My largest client for the last decade has been Pragmatic Marketing, the company that inspired and marketed the Effective Product Marketing seminar that I developed in 2001. When I sold the seminar to Pragmatic Marketing in 2007 and trained another instructor, I knew that I would someday leave the seminar behind. So I started thinking about what the attendees needed after they left the seminar.
This wasn’t really a new line of thinking. After every class I’d wondered whether the attendees would be able to put their enthusiasm for strategic marketing into action in the weeks and months that followed. Confronted with the day-to-day reality of sales requests and tactical checklists, would they be able to rally the rest of the company around their new role?
How many people, I wondered, would get permission to participate in qualitative win/loss calls? Would they create buyer personas that were so real and convincing that the company would be willing to take direction from them? Would they use their new insights to prioritize investments around activities that directly impacted revenue and buyers?
I always knew that the strategic role of product marketing represented a major change for many of the participants, and that the seminar could not address all of the specific challenges the participants would face in any particular company.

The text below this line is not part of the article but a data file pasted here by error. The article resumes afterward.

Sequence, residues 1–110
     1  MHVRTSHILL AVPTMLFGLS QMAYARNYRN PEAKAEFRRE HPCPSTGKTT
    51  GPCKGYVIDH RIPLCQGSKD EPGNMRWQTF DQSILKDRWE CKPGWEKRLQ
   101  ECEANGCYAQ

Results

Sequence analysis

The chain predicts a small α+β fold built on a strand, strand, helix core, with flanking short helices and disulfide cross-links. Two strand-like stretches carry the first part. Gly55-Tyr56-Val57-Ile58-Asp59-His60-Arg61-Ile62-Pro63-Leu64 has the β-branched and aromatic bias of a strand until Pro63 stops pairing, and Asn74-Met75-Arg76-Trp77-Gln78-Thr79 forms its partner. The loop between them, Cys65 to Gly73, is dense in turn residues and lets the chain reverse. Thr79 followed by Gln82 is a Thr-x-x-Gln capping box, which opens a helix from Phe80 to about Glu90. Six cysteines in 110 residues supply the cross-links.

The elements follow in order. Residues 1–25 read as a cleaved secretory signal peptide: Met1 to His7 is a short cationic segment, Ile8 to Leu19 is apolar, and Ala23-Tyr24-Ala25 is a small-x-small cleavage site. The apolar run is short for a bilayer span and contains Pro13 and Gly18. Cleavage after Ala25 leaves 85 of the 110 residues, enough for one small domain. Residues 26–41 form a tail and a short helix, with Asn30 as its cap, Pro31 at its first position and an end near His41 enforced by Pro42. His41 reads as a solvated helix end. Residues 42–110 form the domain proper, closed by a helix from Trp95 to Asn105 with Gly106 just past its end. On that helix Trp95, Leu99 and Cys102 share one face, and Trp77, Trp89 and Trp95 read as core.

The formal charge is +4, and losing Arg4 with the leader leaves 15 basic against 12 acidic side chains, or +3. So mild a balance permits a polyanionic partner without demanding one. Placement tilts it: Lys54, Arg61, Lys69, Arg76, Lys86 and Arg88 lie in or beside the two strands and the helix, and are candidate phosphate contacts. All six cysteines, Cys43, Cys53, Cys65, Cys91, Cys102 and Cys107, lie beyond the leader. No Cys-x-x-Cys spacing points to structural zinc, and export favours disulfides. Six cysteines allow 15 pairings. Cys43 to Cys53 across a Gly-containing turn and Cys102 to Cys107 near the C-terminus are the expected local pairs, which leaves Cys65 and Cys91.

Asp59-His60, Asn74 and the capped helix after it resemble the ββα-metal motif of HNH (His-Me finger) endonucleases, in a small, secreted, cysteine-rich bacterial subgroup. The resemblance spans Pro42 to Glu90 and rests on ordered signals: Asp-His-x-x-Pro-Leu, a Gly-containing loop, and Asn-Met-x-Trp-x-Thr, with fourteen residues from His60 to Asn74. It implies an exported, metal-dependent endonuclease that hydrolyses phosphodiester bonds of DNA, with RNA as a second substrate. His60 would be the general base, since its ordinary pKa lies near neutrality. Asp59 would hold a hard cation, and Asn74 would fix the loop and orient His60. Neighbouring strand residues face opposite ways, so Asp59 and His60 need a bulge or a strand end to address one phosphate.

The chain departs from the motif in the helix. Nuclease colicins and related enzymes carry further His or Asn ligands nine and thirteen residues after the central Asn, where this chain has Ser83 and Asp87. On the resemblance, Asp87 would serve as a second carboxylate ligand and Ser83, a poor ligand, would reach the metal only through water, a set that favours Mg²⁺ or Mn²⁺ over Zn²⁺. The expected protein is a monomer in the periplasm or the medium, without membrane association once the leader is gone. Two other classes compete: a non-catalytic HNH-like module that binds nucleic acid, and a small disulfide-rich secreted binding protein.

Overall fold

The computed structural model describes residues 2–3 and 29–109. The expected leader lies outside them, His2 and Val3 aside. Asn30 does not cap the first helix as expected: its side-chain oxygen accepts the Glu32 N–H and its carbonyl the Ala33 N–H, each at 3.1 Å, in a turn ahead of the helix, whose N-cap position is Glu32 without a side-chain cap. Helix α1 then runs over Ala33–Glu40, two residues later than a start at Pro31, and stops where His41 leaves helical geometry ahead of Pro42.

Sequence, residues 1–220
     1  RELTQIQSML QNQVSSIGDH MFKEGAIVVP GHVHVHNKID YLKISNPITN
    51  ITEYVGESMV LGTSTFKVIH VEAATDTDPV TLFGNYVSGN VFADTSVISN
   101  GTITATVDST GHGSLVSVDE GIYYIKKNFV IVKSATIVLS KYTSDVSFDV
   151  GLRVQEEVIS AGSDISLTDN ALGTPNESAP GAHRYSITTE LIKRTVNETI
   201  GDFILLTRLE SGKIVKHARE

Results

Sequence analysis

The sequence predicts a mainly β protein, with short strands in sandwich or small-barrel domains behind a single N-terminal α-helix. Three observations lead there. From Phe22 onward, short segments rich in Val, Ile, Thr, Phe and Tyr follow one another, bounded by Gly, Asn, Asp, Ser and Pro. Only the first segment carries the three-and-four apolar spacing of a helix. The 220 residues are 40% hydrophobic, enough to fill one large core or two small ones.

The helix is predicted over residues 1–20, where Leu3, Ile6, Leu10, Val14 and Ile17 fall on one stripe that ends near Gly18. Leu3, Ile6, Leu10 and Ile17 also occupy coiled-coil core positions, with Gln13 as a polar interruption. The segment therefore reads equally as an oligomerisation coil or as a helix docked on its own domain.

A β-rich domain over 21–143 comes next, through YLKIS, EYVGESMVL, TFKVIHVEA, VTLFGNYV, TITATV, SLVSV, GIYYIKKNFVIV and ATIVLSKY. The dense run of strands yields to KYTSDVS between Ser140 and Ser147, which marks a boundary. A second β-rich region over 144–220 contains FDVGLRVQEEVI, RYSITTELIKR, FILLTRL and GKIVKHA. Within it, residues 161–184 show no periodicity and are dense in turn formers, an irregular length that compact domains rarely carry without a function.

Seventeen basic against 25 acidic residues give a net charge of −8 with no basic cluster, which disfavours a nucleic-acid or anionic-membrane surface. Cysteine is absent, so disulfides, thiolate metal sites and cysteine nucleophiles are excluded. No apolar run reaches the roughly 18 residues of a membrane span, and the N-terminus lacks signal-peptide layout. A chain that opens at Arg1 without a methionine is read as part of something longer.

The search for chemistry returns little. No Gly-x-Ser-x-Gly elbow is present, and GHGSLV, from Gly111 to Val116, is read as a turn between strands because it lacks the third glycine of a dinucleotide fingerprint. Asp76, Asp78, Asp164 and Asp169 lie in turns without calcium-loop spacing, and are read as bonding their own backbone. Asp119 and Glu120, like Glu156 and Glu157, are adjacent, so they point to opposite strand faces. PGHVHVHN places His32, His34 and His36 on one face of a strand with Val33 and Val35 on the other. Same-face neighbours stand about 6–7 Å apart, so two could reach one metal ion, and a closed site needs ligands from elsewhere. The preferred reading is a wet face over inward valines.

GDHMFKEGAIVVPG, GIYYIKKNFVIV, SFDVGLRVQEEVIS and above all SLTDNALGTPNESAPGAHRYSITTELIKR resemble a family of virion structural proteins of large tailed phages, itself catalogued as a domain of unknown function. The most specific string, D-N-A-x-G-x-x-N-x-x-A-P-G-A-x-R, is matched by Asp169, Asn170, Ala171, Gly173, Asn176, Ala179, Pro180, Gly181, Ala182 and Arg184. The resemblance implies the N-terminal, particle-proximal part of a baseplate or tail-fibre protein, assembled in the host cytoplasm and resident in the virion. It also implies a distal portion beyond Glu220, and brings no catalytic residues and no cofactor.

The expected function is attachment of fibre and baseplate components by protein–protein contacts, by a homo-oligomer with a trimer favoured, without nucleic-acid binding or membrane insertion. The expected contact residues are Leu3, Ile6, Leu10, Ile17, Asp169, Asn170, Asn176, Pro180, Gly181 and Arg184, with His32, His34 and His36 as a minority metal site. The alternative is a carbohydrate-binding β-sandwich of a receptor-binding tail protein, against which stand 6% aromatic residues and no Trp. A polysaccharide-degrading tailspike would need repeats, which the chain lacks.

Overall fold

So I decided that my next step should align with the seminar attendees’ next step. I decided to dedicate the next few years to supporting the three areas that thousands of attendees have described as impediments to buyer-focused marketing:
- Coaching individuals and teams through win/loss analysis and the other efforts that result in powerful buyer personas.
- Using buyer personas to guide the planning and execution phases of a specific marketing goal, launch, strategy or campaign.
- Developing top-down and cross-organizational support for a strategic, buyer-focused marketing effort.
This type of consulting isn’t new to me – I’ve continued to consult throughout the years that I was teaching the Pragmatic Marketing seminar. But because the class was my top priority, it was impossible to work on the projects that I’ve accepted over the last few months. I think I’m beginning to crack the code on what it takes to create the result that motivated me every time I taught the seminar to a new group of marketers.
I’m still teaching through the end of April, and by adding the consulting projects I’ve been too busy to develop a website that explains the new services. I should have it live within the next two months. If you have any ideas about the services I should offer, please let me know.
I admit that I’ll miss the stage, but I know that I’m better prepared than ever before to make a huge impact on my clients’ success. And as those who have seen me teach know very well, I never confuse efforts with results.